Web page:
Stefano D'Aste has claimed his second career WTCC win

Stefano D’Aste has claimed a lights-to-flag win in today’s final World Touring Car Championship race at Suzuka’s East Circuit, leading home a closely-fought race that saw the first nine finishers covered by just over seven seconds.

It was the flamboyant Italian’s second victory of the 2012 season, coming in the wake of his spectacular maiden WTCC win, which came about on the final lap of a thrilling reverse-grid race at the Salzburgring earlier in the year.

This time, D’Aste didn’t have to rely on the misfortune of others to claim victory. He blasted away from the grid to head the field around the opening lap, and it the closest he came to losing the lead was courtesy of a minor error on the fifth lap that allowed the chasing Pepe Oriola to get a tow down the start/finish straight.

D’Aste proved resolute in his defence of his lead, steering blocking the Spanish teenager’s attack with a defensive line down alongside the pit wall. On a circuit where overtaking proved very scarce, it was as close as anyone would get to him for the 26-lap race.

His passage to victory was made easier – in part – by the misfortune that befell the race’s only other realistic winner, Tom Coronel. Starting from the second row’s last year’s reverse-grid winner bogged his BMW down off the line and tumbled to the rear of the field by the first corner. He could only recover to finish a distant 15th.

Fellow BMW runner and Independent Trophy leader Norbert Michelisz had a nightmare weekend at Suzuka. After failing to finish well in Race 1, his misery was compounded when he was punted into an instant retirement in the gravel by Tiago Monteiro on the opening lap.

At the front of the field, Oriola had his own troubles to contend with, which came in the form of former WTCC title-holder Gabriele Tarquini, who swarmed all over the rear of the Spaniard’s sister SEAT for much of the race.

Despite his experience, Tarquini couldn’t find a way past Oriola, and although he momentarily made contact with Oriola on Lap 18 – which proved enough to give him a momentary dose of opposite lock as he fought to correct the slide – he had to settle for third place.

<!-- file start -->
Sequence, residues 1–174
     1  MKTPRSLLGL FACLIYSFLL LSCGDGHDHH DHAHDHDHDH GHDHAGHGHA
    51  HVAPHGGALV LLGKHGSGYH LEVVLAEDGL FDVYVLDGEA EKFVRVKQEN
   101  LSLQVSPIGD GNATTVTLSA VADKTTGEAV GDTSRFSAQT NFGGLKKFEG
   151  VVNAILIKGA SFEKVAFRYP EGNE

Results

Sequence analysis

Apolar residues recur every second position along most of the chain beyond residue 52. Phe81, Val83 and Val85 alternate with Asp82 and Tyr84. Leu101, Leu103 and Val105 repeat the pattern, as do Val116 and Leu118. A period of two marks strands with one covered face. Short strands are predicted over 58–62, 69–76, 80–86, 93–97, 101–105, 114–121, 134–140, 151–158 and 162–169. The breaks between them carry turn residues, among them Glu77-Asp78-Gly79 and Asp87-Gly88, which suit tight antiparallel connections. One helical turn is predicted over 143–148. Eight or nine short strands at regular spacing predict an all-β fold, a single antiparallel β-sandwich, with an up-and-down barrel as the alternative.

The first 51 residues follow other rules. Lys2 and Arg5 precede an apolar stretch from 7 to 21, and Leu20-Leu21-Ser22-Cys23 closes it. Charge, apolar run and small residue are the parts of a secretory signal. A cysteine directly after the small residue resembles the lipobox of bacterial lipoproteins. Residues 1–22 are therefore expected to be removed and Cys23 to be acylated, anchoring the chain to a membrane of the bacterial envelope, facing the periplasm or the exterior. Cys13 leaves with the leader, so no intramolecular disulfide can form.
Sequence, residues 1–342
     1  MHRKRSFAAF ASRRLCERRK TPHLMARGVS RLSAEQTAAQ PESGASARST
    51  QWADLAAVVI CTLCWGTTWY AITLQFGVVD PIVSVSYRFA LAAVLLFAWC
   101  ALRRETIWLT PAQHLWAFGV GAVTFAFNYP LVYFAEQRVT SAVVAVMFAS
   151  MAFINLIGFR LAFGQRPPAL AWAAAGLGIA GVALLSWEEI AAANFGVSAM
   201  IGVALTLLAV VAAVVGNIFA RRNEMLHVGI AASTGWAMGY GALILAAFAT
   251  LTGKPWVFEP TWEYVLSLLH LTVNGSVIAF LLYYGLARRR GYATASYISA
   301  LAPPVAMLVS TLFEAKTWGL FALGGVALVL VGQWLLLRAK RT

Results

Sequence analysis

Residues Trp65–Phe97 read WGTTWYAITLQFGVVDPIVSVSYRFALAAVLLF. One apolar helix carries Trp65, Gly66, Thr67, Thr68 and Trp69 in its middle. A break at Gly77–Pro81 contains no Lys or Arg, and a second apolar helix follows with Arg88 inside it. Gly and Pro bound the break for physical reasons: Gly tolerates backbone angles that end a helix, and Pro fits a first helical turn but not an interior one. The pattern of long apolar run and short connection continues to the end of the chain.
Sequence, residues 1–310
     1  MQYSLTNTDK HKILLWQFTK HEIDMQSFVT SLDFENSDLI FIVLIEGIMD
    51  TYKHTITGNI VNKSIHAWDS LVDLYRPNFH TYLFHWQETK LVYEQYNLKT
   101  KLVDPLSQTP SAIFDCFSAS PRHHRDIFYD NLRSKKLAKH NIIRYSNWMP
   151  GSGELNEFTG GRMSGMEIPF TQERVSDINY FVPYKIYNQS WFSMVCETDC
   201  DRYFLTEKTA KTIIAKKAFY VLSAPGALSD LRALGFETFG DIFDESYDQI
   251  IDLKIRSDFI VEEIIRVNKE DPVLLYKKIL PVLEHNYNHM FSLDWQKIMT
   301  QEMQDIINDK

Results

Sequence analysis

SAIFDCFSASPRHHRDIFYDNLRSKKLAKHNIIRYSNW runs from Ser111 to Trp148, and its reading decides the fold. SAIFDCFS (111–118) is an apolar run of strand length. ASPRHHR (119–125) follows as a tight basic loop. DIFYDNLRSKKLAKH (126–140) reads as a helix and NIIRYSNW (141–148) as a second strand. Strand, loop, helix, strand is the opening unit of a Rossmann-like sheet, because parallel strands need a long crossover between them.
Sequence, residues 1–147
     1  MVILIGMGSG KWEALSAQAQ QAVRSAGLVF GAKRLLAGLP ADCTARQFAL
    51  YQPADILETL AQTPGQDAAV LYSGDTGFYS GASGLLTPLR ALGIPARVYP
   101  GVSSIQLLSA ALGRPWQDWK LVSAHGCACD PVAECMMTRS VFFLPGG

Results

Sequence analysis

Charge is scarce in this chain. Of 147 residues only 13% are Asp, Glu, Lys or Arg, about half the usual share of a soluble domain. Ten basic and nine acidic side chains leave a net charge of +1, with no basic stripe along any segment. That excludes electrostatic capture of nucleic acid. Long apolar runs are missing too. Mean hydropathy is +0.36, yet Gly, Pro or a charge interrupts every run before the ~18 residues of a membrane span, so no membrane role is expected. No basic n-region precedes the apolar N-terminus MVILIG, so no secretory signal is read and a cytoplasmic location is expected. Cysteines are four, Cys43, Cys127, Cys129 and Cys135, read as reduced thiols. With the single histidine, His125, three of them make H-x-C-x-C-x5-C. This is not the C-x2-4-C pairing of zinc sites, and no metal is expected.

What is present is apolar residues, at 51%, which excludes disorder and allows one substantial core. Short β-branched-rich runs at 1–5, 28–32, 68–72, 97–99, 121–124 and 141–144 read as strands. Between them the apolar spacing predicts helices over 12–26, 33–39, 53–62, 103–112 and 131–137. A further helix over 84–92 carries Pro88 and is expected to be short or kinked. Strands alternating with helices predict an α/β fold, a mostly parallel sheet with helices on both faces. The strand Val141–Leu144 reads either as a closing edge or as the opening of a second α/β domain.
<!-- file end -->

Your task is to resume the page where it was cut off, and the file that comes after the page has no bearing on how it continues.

Positions for through six were occupied by the factory Chevrolets of Rob Huff, Race 1 winner Alain Menu and reigning champion Yvan Muller, who ran nose-to-tail for almost the entire race. No doubt much to Muller’s chagrin, his progress was hurt by Menu getting ahead of him at the start, and for the second race in succession, he was unable to get by his Swiss team-mate.

The result ensures that, incredibly, Muller and Huff leave this event as they arrived at it: as joint leaders of the Drivers’ Championship – courtesy of his Race 1 win, Menu has closed the gap to the pair to 38 points with four races remaining.

The three Chevrolets progress through the field was slow, and they were held up for a lengthy period by Mehdi Bennani, who showed a more circumspect style of driving after his Race 1 collision with Aleksei Dudukalo. The Moroccan drove well to keep the three works car behind his BMW for lap after lap, only for his tyres to fade in the closing stages as he slipped to seventh place.

Dudukalo claimed more points with an eighth-placed finish, holding off the attentions of Race 1’s Independent Trophy winner Alex MacDowell for much of the race.

Tiago Monteiro again claimed the final points-paying position with a run to tenth place in his JAS Honda Civic, an excellent end to the Japanese carmaker’s works’ debut in the WTCC.

2012 FIA WTCC Race of Japan – Race 2 Final Classification (26 laps):

Driver Team Result YIT
1. Stefano D’Aste ITA Wiechers-Sport BMW 320TC BMW 26 laps Y
2. Pepe Oriola ESP Tuenti Racing Team SEAT León WTCC SEAT + 2.562 Y
3. Gabriele Tarquini ITA Lukoil Racing SEAT León WTCC SEAT + 2.845  
4. Robert Huff GBR RML Chevrolet Cruze 1.6T Chevrolet + 3.774  
5. Alain Menu SUI RML Chevrolet Cruze 1.6T Chevrolet + 4.220  
6. Yvan Muller FRA RML Chevrolet Cruze 1.6T Chevrolet + 4.568  
7. Mehdi Bennani MOR Proteam Racing BMW 320TC BMW + 4.879 Y
8. Aleksei Dudukalo RUS Lukoil Racing SEAT León WTCC SEAT + 7.174 Y
9. Alex MacDowell GBR Bamboo Chevrolet Cruze 1.6T Chevrolet + 7.707 Y
10. Tiago Monteiro POR JAS Honda Civic S2000 TC Honda + 10.583  
11. Franz Engstler DEU Liqui Moly Engstler BMW 320TC BMW + 11.997 Y
12. Tom Boardman GBR Special Tune Racing SEAT León WTCC SEAT + 18.156 Y
13. Darryl O’Young HKG Bamboo Chevrolet Cruze 1.6T Chevrolet + 18.945 Y
14. Alberto Cerqui ITA ROAL Motorsport BMW 320TC BMW + 19.154 Y
15. Tom Coronel NED ROAL Motorsport BMW 320TC BMW + 19.492  
16. James Nash GBR Team Aon Ford Focus S2000 TC Ford + 25.856  
17. Charles Ka-Ki Ng HKG Liqui Moly Engstler BMW 320TC BMW + 25.857 Y
18. Tom Chilton GBR Team Aon Ford Focus S2000 TC Ford + 26.142  
19. Hiroki Yoshimoto JPN Tuenti Racing SR León 1.6T Sunred + 34.762 Y
20. René Münnich DEU Special Tune Racing SEAT León WTCC SEAT + 35.074 Y
21. Masaki Kano JPN Liqui Moly Engstler BMW 320si BMW + 40.576 Y
NF. Fernando Monje ESP SUNRED Engineering SEAT León WTCC SEAT 18 laps Y
NF. Norbert Michelisz HUN Zengõ Motorsport BMW 320TC BMW 0 laps Y

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Richard Bailey

Founder & Chief Editor at MotorsportM8
Hasn't missed a Grand Prix since 1989. Has a soft spot for Minardi. Tattooed with 35+ Grand Prix circuits.